by Jack Register, Director of Advocacy & Legislation NASW-NC & Hull House NC Editor
The NC Legislature has transformed in recent weeks. From the scandals and resignations to the simple decisions of lawmakers to move on in their lives to new adventures. The face of NC politics is changing. I for one am glad to see it and be a part of it.
I believe now is the perfect time for all North Carolinians who care about their state, the citizens of the state, heck, even their own lives to become involved. NC faces the distinction of being one of the best places in the country to do business and yet one that struggles to care for its citizens who are sick, disabled, or poor.
So, what is an advocate to do? Well, getting involved is always a good place to begin. I for one am proud to be a social worker and live in NC. I am proud to be an advocate and member of the lobbying community who is a recognized member of the crowd of folk who wade into the morass of politics and try to make policy change.
What motivates me on a daily basis is the notion that something I do or say today to a member of the legislature, a staffer in state government, or to a colleague will shift their perception of what it means to need care. Polyanna I know, but it is what motivates me and I go with it.
Frequently when I speak to community groups of social workers I will ask them to remember what brought them to the profession. I ask them to remember what the experience was that said to them that they need to become a social worker. For many people it is an experience in their family of origin where they had the help of a social worker, for some it is a calling from their faith to give their lives to service, for some it is a duty based and grounded in a frame of social justice. For me, it is all of the above.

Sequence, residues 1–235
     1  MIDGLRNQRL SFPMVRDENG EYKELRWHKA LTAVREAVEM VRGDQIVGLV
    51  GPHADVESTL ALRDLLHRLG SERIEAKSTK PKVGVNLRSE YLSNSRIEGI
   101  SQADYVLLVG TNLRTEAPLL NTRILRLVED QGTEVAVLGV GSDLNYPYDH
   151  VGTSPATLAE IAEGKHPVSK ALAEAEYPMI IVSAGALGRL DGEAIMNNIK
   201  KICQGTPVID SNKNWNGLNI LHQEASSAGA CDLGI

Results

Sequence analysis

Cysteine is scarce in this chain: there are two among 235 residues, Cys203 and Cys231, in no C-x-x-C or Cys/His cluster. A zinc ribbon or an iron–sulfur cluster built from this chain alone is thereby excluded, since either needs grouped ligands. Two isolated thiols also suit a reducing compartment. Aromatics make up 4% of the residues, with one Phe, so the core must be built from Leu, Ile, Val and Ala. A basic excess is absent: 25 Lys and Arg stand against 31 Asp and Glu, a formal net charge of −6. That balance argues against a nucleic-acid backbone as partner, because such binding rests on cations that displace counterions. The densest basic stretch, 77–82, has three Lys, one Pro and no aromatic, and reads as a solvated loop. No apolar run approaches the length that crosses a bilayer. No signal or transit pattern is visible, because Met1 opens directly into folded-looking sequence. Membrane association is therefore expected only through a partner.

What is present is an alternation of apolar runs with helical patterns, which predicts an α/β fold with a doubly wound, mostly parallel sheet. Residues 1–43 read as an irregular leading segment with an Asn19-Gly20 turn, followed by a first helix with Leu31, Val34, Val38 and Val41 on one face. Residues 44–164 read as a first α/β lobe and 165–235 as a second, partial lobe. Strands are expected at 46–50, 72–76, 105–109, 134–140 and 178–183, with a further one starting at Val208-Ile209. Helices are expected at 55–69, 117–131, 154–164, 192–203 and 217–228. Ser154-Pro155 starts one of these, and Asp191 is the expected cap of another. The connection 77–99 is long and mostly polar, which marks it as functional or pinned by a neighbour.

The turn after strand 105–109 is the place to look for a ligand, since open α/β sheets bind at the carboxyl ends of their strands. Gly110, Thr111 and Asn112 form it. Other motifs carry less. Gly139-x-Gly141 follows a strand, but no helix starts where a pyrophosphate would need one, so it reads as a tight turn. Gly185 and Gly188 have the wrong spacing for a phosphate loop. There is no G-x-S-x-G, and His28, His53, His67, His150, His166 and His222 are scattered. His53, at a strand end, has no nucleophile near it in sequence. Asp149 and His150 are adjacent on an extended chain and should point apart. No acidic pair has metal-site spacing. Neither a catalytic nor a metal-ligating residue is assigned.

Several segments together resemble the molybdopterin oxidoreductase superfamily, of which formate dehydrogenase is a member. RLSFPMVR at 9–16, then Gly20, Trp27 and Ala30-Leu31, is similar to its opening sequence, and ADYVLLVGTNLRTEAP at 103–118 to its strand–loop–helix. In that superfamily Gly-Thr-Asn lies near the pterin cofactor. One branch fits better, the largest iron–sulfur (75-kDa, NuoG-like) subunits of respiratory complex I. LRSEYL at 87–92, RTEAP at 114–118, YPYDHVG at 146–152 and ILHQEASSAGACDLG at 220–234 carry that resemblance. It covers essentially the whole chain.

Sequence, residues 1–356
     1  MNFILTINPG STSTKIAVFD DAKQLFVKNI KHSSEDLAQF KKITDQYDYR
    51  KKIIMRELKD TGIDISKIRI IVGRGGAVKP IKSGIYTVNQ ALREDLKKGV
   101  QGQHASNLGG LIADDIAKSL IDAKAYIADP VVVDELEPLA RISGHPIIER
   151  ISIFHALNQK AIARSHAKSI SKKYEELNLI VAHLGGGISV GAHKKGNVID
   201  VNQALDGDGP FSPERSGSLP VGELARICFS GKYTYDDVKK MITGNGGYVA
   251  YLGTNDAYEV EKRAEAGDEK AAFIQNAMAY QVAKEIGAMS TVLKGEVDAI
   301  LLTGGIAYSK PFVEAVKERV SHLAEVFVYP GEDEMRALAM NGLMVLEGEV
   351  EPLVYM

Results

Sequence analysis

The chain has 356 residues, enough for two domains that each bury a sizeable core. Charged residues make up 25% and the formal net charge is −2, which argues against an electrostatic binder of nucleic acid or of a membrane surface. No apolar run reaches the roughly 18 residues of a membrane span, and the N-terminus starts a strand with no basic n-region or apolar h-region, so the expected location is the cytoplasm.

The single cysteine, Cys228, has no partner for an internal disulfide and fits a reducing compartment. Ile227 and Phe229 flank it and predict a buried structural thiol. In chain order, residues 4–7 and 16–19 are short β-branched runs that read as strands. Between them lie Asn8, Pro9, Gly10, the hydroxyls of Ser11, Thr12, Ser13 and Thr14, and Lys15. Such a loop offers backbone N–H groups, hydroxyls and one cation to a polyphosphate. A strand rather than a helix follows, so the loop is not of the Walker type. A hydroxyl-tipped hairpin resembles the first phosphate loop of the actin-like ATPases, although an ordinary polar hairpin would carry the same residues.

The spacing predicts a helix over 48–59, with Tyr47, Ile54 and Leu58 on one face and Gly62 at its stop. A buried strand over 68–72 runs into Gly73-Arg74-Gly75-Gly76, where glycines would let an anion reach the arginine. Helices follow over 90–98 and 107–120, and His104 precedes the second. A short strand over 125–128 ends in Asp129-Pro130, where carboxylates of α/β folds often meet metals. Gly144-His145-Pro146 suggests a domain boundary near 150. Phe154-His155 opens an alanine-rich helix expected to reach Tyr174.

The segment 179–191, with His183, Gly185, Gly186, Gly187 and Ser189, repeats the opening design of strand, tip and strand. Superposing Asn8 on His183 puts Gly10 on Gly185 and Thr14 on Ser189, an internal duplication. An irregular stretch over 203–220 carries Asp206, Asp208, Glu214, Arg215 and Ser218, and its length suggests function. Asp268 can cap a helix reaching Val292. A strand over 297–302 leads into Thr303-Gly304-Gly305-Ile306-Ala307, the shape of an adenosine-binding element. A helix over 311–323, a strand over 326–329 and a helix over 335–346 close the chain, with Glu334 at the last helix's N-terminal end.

So as we continue to hear about our elected leaders leaving and the face of NC politics changes remember what brought you to social work. Remember why it is you go to work on a daily basis. Ask yourself what can I do or say today that may shift someone's perception. Then do it!
Simple advocacy steps to do everyday:
1. Write to some elected official who represents you. Local, state, or national it doesn't matter.
2. Identify yourself as a social worker and become a resource to them for social work practice issues and concerns.
3. Get involved in the social work community. Find a group, organization, like NASW, and get involved. Our work cannot happen without you!
Jack is the Director of Advocacy & Legislation for NASW-NC and the Editor of Hull House NC. He is the lobbyist and advocate for the association and represents NASW-NC in statewide advocacy coalitions, to the departments of state government, and is the lobbyist for the legislature. Jack is an LCSW and has practice experience in a wide variety of mental health, medical and addiction settings. He can be reached at the association by email at firstname.lastname@example.org.